Days after two environmental activists were killed in Honduras by gunfire, Mary Lawlor, the UN’s special rapporteur on the plight of human rights defenders, urged for an impartial inquiry.
Aly Dominguez, 38, and Jairo Bonilla, 28, both from the community of Guapinol in the eastern Colon Department of Honduras, were murdered on Saturday by unidentified individuals. The robbery was blamed for the fatalities by the local police.
On Wednesday, Lawlor said on Twitter, “It’s crucial that an impartial inquiry be carried out into the murders of the two defenders in Guapinol, Honduras.
Which, she said, “must consider the likelihood that they have suffered reprisals for their work protecting human rights.”
The Municipal Committee for the Defense of Common and Public Goods for the city of Tocoa, located about 8 kilometers (5 miles) from Guapinol, was created by Dominguez and Bonilla.
The environmentalist organization claims they have been fighting the development of an open-pit iron oxide mine in a forest reserve since 2015; they claim this concession was given to a firm owned by powerful billionaire Lenir Perez unlawfully.
The mine’s owner, Inversiones Los Pinares, maintains that the concession is legitimate. A request for comment was not immediately met with a response.
According to the authorities, Dominguez and Bonilla were assaulted in a remote location while doing their daily tasks—collecting service fees for a local cable television provider while riding motorbikes.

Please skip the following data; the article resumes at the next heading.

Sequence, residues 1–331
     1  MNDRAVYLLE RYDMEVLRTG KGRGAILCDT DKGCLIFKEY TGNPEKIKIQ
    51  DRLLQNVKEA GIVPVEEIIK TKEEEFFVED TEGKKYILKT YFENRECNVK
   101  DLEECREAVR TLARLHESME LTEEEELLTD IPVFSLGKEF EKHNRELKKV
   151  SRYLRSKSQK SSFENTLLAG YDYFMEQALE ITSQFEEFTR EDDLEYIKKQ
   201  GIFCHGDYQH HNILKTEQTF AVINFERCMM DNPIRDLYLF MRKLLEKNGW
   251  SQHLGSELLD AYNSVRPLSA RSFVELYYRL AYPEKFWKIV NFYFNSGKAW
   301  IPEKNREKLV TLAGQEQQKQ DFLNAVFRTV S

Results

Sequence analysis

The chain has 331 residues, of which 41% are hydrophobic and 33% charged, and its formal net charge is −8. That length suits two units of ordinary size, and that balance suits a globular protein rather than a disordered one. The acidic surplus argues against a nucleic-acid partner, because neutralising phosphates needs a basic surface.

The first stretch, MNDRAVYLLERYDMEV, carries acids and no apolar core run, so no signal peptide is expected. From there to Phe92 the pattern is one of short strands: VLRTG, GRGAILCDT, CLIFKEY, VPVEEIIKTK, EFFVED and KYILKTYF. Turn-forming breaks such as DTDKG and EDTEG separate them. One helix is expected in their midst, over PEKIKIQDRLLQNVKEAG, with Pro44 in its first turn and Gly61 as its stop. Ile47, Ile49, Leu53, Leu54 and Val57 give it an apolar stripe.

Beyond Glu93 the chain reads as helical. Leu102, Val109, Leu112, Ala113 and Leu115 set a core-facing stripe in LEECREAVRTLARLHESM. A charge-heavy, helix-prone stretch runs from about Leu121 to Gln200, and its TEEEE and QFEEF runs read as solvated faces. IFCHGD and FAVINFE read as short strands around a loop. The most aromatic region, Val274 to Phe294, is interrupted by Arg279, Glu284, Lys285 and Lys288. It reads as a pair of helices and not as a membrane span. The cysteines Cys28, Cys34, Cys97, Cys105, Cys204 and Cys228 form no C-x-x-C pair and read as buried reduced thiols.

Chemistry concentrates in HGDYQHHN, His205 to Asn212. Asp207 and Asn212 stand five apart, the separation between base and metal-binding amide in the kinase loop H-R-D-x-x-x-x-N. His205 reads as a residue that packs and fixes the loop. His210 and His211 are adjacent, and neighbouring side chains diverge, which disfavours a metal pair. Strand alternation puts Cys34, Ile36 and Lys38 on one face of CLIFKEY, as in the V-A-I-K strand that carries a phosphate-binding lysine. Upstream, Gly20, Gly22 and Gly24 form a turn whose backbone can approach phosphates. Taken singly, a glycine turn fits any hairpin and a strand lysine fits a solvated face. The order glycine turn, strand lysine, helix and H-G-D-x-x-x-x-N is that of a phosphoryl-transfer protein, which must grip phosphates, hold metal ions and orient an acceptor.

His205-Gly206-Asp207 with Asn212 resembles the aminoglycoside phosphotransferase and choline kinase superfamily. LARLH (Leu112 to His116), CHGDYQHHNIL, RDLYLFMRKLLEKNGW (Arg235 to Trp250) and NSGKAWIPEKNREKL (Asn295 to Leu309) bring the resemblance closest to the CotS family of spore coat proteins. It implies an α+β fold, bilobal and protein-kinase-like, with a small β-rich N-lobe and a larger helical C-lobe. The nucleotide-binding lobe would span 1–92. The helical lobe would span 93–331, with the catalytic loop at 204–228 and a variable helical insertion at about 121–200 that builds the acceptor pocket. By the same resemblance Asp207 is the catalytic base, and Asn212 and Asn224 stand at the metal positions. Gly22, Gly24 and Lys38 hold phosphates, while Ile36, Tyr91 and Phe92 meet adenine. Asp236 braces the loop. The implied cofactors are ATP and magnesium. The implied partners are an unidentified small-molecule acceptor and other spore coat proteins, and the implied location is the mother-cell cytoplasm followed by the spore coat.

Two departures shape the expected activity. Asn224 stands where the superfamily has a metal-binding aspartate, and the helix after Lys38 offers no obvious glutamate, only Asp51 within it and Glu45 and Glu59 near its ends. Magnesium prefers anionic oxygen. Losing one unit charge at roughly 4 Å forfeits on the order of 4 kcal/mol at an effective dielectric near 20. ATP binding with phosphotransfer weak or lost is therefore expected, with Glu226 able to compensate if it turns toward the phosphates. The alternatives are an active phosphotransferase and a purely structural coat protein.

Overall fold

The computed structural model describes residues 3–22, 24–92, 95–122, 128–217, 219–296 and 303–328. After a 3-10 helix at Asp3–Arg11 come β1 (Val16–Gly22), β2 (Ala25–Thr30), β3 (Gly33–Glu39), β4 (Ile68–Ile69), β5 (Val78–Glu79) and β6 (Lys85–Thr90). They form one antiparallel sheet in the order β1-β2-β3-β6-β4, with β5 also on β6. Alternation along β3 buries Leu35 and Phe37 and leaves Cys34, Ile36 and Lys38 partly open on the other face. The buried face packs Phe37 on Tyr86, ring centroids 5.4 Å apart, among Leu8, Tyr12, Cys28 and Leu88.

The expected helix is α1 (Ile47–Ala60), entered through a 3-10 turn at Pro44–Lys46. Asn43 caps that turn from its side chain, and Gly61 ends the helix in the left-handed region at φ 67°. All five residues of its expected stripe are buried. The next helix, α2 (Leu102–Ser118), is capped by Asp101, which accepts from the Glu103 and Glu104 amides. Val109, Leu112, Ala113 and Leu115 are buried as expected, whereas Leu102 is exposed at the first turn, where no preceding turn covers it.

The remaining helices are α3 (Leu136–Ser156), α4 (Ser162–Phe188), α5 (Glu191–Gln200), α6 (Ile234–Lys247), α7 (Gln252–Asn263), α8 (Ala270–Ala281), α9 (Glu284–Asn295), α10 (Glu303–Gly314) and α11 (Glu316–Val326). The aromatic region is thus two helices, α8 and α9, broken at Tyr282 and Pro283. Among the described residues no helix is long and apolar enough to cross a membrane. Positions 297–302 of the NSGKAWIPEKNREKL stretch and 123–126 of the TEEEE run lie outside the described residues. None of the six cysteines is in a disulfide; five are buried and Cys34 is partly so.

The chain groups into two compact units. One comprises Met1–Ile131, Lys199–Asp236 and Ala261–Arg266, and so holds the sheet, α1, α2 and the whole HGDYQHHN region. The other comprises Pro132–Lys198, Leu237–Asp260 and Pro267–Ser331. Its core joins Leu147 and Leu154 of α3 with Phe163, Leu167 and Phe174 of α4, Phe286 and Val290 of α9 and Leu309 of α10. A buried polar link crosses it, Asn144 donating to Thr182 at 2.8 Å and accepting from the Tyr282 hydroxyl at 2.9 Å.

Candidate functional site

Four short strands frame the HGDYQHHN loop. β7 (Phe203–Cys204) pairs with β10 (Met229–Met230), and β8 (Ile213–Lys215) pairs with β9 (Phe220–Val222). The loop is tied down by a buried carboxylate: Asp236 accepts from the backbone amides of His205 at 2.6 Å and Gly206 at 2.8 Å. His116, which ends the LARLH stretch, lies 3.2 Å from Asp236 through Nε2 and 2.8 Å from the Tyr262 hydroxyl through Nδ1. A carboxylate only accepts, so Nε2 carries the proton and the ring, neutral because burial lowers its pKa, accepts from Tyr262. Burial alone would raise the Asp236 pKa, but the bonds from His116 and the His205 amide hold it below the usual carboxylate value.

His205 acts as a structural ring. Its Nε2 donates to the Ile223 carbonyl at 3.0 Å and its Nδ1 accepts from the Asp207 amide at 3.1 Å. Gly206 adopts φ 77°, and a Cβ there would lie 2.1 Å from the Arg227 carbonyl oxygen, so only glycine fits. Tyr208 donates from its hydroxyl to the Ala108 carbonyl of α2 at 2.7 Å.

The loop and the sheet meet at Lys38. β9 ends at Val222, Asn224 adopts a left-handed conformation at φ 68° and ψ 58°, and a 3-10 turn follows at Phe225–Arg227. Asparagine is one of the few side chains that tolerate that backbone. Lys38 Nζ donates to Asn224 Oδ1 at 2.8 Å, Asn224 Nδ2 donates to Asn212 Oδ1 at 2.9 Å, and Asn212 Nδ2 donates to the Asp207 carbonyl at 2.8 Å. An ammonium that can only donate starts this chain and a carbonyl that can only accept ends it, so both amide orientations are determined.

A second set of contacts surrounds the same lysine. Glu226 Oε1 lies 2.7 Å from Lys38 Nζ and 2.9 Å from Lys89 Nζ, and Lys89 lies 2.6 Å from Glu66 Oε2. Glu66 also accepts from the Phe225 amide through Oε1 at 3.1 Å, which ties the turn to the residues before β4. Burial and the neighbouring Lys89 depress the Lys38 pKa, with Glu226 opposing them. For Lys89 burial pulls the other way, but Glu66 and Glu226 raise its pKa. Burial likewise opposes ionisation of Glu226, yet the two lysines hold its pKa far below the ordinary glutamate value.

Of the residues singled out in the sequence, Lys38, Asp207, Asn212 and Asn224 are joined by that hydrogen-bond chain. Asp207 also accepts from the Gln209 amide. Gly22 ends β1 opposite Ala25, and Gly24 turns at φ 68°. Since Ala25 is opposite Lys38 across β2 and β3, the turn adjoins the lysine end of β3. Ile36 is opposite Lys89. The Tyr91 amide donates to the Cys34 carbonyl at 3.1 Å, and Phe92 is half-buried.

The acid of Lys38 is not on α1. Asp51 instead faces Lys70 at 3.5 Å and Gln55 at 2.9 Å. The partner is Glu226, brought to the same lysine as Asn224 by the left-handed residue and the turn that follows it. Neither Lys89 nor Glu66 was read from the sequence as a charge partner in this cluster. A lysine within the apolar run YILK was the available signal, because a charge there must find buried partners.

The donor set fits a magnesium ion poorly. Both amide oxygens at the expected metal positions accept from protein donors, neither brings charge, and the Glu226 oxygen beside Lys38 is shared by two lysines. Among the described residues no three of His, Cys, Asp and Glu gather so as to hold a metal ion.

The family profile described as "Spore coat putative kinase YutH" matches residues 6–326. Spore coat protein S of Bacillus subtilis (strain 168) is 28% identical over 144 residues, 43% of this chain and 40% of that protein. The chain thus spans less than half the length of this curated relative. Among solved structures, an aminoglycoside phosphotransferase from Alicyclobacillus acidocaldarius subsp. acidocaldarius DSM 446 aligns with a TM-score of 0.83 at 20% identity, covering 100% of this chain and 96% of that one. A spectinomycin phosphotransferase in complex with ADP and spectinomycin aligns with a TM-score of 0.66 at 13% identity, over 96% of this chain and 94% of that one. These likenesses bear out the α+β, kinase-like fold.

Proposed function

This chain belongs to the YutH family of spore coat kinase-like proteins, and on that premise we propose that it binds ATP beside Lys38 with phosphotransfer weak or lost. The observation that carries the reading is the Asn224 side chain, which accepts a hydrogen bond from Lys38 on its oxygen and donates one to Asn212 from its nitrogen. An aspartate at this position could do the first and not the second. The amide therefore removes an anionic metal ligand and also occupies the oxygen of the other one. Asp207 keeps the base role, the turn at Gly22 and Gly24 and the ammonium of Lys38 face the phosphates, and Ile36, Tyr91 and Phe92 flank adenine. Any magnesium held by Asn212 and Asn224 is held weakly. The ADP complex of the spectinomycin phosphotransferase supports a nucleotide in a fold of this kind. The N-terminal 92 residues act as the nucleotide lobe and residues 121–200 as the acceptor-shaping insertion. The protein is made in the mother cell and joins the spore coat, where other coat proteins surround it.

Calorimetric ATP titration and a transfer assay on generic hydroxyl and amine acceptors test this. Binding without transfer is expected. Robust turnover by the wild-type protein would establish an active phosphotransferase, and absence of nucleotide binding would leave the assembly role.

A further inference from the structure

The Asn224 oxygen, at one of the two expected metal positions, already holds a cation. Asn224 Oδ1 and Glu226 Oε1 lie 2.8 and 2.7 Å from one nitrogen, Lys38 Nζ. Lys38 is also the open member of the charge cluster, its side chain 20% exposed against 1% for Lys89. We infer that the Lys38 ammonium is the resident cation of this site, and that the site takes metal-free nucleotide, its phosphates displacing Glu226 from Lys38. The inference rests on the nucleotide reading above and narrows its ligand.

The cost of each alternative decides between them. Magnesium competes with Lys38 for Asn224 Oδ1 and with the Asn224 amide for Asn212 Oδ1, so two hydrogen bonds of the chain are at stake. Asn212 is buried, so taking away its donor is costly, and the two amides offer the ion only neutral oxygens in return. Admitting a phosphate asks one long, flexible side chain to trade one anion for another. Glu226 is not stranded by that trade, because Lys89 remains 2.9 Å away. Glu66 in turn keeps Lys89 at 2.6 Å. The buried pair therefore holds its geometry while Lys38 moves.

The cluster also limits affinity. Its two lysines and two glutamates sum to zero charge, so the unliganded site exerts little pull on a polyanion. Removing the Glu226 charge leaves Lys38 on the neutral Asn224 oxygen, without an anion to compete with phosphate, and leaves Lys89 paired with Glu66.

An effort to steal the money they were carrying was the motivation behind the crime, Colon police spokesman Angel Herrera informed the local media.
Dominguez and Bonilla’s ecological organization, Guapinol Resiste, refuted this assertion on Wednesday.
“It wasn’t a burglary. They died as a result of protecting the rivers from unauthorized mining. Aly and Jairo deserve justice, the organization said on their Facebook page. Additionally, it made note of the fact that the stolen money was eventually given to the perpetrators’ employer rather than being taken by them.
Open-pit mining and the construction of hydroelectric dams, which may harm rivers, water sources, and displace inhabitants, are opposed by several environmentalists and local groups in Central American nations.
Berta Caceres, an indigenous activist and environmentalist, was killed in March 2016 as she was opposing the building of a hydroelectric project in western Honduras. Later, six hired killers and two officials of a company advocating the building of the dam were found guilty.